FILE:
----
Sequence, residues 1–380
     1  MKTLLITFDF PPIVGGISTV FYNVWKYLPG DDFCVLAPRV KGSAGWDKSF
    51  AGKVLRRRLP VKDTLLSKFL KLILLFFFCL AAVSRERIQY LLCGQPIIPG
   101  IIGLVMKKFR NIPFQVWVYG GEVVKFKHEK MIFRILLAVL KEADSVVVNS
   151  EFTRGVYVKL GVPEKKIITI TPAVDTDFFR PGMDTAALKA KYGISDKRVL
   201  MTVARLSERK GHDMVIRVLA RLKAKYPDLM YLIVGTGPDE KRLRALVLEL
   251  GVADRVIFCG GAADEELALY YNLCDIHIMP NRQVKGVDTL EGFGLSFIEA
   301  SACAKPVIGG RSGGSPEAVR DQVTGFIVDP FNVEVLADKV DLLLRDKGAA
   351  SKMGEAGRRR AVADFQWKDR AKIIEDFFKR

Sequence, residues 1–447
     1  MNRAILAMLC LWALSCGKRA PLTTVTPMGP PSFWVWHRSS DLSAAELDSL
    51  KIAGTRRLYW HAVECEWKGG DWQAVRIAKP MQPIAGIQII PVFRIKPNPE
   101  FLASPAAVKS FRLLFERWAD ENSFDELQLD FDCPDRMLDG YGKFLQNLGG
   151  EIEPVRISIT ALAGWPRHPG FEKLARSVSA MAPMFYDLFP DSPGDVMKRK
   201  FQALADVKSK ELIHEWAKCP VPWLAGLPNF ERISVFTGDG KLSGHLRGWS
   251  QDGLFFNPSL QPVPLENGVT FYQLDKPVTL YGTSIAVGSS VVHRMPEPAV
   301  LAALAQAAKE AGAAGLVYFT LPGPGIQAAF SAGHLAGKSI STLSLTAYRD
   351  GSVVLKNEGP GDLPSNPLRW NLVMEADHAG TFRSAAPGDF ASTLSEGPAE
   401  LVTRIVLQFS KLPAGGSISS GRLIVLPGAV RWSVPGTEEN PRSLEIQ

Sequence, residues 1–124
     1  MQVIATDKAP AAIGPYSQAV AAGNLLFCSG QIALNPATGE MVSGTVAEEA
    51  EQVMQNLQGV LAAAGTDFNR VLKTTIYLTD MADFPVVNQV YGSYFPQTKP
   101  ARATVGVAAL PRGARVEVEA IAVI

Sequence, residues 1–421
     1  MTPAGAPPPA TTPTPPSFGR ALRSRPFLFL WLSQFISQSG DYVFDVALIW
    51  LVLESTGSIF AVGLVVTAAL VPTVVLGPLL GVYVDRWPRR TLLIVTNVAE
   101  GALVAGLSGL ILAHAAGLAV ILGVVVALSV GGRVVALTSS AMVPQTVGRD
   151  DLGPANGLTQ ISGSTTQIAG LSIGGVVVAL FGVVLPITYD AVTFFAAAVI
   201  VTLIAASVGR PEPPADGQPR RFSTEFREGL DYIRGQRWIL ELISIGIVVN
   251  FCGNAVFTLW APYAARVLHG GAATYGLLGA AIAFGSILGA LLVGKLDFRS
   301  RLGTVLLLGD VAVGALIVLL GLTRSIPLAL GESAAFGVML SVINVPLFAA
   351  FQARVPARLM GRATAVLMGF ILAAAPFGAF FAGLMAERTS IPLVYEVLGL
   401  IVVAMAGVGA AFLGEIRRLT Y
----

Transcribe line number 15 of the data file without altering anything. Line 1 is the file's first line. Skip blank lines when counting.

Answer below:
   201  FQALADVKSK ELIHEWAKCP VPWLAGLPNF ERISVFTGDG KLSGHLRGWS